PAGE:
Northern Nevada Business Weekly: Tell us about Reno River Festival and the responsibilities of your position.
Noah Fraser: The festival started out as a way to get people downtown to celebrate the whitewater park and the new beautified downtown. I run all the whitewater events and bring in all the athletes and make sure judging is up to international standards. Most kayaking events are kind of small-scale and local, even world championship events. Here in Reno, the kayakers are part of the show for the tens of thousands of people that are down there. You want it to be continuously flowing, so we have to keep things on point and keep the action moving all day for everybody to watch. That is my part of the show.
NNBW: How did you get into this job?
Fraser: I competed the first two years I lived here and was a sponsored professional kayaker for years. When I started my PhD. work, I wasn’t allowed to compete so I judged the freestyle competitions. I did that for a few years. Last year they asked me if I would run the whitewater events.
NNBW: What’s been the most difficult aspect of transitioning from the kayak to the judging side to the organizational side?
Fraser: It helps being someone who works with high-level consulting when you have meetings and deadlines — I am used to that sort of thing. When you go from just showing up, getting your mind right and competing and trying to do your best to judging, you have to be consistent. You are out there for eight to 10 hours a day in the sun, and every single ride has to be judged the exact same way. That’s another mindset. But once you have to run the whole thing, there is a lot more involvement with the social and communication aspects, making sure all the kayakers and all the different teams from all over the world know where to go, what times to be there and what to expect. It is more of a communications and networking role when you step into that position.
NNBW: What do you like most about the job?
Fraser: Out of the whole West Coast I moved to Reno because of the kayaking culture and the cool downtown scene here. I didn’t want to see that go away, and when the director stepped down last year there was no one to take her place so I stepped to the plate. I like being involved and keeping the festival going and keeping it a really cool internationally known event. It’s one of the top events around the world.
NNBW: Do you miss being on the water?
Fraser: Not really. I paddle four or five days a week. I kind of work it out so that I can get in the water too.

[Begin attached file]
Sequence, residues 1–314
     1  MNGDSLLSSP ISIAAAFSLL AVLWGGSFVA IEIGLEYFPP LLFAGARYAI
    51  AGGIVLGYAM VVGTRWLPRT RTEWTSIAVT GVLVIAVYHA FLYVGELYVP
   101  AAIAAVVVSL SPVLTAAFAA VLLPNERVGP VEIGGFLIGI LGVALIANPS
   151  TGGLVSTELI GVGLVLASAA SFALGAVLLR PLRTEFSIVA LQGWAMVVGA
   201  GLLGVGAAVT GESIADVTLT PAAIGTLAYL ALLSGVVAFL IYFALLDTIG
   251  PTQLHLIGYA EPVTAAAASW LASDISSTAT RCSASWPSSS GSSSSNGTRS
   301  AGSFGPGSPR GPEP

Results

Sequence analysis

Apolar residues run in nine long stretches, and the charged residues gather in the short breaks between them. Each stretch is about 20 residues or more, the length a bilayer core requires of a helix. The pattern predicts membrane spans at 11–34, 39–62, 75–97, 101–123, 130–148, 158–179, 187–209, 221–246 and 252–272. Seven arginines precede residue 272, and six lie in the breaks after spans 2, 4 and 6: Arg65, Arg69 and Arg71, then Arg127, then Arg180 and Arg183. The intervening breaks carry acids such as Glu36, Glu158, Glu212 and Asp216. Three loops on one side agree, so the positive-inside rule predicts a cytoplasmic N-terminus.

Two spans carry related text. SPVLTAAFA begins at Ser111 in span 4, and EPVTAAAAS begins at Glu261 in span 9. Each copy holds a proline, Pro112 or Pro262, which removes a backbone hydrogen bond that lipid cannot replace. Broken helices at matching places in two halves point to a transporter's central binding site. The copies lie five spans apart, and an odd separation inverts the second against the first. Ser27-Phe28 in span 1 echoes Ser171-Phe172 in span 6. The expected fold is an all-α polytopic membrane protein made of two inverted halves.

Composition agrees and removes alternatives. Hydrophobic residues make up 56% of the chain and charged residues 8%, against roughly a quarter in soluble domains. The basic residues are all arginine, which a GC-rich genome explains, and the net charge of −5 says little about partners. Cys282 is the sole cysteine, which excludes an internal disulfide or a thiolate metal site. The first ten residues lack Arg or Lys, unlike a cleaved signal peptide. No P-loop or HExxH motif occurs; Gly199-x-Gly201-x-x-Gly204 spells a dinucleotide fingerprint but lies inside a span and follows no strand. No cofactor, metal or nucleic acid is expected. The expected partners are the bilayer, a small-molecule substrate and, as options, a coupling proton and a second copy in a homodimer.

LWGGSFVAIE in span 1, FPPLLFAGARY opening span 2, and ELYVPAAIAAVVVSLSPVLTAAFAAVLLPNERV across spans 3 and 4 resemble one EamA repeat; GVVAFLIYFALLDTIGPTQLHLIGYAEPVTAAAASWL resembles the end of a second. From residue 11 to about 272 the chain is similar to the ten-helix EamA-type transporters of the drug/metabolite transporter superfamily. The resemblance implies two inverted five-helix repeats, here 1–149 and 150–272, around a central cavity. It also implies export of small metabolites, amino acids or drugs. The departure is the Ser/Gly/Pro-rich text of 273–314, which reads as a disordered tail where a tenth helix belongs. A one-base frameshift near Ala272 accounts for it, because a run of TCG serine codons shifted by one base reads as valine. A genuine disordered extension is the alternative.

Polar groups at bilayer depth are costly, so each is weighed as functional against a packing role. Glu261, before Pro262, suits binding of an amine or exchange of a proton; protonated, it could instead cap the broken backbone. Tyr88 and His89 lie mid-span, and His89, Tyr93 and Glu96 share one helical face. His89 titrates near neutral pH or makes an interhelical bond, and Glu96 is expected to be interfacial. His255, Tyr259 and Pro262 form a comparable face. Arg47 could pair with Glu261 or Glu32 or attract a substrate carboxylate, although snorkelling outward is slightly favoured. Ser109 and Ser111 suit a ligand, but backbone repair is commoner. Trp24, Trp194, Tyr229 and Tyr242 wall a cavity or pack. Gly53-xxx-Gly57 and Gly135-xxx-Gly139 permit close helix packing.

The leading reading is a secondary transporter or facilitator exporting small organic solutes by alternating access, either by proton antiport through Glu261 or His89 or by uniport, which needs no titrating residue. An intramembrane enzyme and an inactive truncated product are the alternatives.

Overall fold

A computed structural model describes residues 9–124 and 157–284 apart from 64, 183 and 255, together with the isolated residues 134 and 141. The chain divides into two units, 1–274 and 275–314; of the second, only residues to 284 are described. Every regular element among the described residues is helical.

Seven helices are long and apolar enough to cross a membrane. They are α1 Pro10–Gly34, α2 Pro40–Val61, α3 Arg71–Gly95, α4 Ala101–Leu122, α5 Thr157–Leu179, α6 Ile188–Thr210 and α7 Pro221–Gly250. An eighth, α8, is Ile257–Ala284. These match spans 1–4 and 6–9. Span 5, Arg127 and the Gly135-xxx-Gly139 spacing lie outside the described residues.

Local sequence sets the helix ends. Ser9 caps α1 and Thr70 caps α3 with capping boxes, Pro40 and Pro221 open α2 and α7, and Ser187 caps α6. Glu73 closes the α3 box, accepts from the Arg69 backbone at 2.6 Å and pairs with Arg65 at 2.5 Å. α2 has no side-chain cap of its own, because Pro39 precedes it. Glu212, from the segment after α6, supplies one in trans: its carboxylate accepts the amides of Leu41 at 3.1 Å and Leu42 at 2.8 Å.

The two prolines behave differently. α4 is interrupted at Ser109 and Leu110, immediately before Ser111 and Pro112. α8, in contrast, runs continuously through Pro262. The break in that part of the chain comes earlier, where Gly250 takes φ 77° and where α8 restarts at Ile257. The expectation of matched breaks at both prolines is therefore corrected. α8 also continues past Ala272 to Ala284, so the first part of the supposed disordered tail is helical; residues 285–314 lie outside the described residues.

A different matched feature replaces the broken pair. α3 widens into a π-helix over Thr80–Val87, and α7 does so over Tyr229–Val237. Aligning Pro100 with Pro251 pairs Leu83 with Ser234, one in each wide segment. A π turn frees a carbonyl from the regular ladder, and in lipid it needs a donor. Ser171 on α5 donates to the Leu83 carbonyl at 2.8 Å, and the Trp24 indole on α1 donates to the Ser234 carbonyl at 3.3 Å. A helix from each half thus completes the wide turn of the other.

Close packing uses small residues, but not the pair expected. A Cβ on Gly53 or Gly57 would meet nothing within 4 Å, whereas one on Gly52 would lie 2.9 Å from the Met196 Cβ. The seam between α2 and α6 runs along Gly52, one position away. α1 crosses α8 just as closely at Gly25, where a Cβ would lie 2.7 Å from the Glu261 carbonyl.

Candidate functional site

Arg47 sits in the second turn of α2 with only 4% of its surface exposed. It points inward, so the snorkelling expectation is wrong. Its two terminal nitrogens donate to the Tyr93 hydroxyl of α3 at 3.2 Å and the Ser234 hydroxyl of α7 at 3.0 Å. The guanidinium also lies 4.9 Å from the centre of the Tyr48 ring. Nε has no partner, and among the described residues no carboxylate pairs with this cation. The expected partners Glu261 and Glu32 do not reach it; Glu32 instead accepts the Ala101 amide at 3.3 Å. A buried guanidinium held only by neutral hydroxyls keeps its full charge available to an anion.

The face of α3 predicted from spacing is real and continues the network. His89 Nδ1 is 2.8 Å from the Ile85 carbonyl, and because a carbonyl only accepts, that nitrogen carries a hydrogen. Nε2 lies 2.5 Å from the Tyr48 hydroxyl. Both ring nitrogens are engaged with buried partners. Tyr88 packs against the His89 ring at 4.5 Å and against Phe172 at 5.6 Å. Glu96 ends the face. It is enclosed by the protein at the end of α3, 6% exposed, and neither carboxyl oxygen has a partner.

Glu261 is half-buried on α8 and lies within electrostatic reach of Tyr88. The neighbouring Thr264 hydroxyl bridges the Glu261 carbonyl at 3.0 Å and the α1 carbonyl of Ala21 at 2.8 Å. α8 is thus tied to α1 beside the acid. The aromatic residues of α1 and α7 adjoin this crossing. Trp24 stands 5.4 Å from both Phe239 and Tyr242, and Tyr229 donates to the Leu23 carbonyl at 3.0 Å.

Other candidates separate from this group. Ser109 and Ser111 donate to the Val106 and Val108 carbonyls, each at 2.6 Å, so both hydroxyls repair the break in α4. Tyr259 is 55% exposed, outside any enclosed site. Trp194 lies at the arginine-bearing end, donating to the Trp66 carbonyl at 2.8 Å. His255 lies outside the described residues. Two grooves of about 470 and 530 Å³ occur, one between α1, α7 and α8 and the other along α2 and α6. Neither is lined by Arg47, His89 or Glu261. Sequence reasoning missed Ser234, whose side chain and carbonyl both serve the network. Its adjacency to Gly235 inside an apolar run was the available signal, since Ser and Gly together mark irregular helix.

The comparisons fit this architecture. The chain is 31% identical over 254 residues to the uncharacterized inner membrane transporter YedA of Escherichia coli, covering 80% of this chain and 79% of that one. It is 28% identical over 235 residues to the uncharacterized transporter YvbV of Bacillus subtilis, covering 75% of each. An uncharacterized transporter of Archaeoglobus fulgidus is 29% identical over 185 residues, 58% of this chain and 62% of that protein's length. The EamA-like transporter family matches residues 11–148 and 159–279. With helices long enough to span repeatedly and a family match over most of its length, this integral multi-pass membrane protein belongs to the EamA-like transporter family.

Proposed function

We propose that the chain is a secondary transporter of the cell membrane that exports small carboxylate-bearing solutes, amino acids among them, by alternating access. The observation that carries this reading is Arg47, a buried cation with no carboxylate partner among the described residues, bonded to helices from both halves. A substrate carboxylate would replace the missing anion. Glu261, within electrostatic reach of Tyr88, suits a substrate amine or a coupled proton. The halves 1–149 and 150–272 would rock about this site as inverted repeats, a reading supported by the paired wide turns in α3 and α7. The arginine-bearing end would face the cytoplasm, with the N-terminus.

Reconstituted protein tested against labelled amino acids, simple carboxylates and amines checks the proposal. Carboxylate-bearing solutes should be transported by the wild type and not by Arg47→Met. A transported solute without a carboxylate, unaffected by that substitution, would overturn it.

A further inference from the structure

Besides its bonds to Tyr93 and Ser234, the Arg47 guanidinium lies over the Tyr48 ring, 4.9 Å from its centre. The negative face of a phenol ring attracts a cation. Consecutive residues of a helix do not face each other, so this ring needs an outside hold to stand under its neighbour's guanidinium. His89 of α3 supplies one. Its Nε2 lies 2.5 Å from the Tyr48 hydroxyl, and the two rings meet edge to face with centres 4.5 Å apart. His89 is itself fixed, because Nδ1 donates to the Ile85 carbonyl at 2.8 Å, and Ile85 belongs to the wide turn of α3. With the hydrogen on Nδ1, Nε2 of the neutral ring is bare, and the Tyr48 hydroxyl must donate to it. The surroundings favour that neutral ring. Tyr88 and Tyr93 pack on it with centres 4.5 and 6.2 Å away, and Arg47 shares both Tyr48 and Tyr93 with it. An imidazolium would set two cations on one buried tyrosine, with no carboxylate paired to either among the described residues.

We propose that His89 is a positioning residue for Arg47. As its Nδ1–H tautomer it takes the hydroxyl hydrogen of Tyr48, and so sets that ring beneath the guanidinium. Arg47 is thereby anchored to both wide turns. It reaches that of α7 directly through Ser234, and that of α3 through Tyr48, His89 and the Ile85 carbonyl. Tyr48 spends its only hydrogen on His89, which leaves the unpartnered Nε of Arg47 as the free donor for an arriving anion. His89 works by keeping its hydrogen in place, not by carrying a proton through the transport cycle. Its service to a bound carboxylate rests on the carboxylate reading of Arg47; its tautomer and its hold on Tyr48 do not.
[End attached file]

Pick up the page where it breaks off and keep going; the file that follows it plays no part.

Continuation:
NNBW: How do the low water levels of the past two years impact the event?
Fraser: We always want to have it in hole 3, the third feature below the taphouse and next to the stage. But we also have hole 5, the bottom feature, which is good down to 400 cfs, which is usually where it is all summer. This year it is probably going to be around 500 (cubic feet per second), which is still a world-class feature.
NNBW: What about back in 2010, when flows were about 2,500 cubic feet per second — how did that change things for competitors?
Fraser: It is more of a wave and less of a hole. The goal of freestyle is to stay in the feature and do as many tricks as you can to score as many points as you can in a minute. If you flush out and you can paddle back up to it, then you can keep going. In 2010, it was hard to stay on and there was no way to paddle back in it once you came off. Instead of two rides, everybody got four rides, so as a judge that year went on forever. It was one of the longest days of judging.
NNBW: As an international event, do you run up against language barriers? If so, how do you counter that challenge?
Fraser: Most of the boaters who travel here are the top guys in the world, guys who have sponsorships that pay for them to travel to all the U.S. events and the European tour. These guys are well traveled and almost all of them speak English pretty well.
NNBW: What was your very first job?
Fraser: I worked for an insurance agency filing and doing stuff like that.
NNBW: What’s your dream job?
Fraser: To be a hydrology consultant who worked on a project basis, working really hard on a project for a month or two and then waiting around for the next project with a lot of international things to work on that will make a difference.
NNBW: How do you spend your time away from work?
Fraser: Usually kayaking and traveling to do fun stuff.
NNBW: What did you dream of becoming when you were a kid?
Fraser: Pretty much what I am doing now, something to do with water.
NNBW: If you had enough money to retire right now, would you?
Fraser: I don’t think I would fully retire.
NNBW: What’s the last concert or sporting event you attended?
Fraser: The last home UNR football game.
NNBW: What’s your idea of the perfect vacation?
Fraser: Usually for us it’s a beach or somewhere we can do something really athletic for a couple of hours and then just relax in a pool setting and have a few beers and hang out.
NNBW: Why did you choose a career in northern Nevada? What do you like most about working/living here?
Fraser: My wife finished her master’s at Georgia, and we said, “Let’s move out West.” She said to find somewhere we could do the outdoors stuff everyday after work or for our lunch breaks. Reno fit that bill perfectly. It is a growing city, the downtown is fun and there are a lot of young professionals in the city. The outdoor opportunities are fantastic. Work-life balance is the best way to say it.
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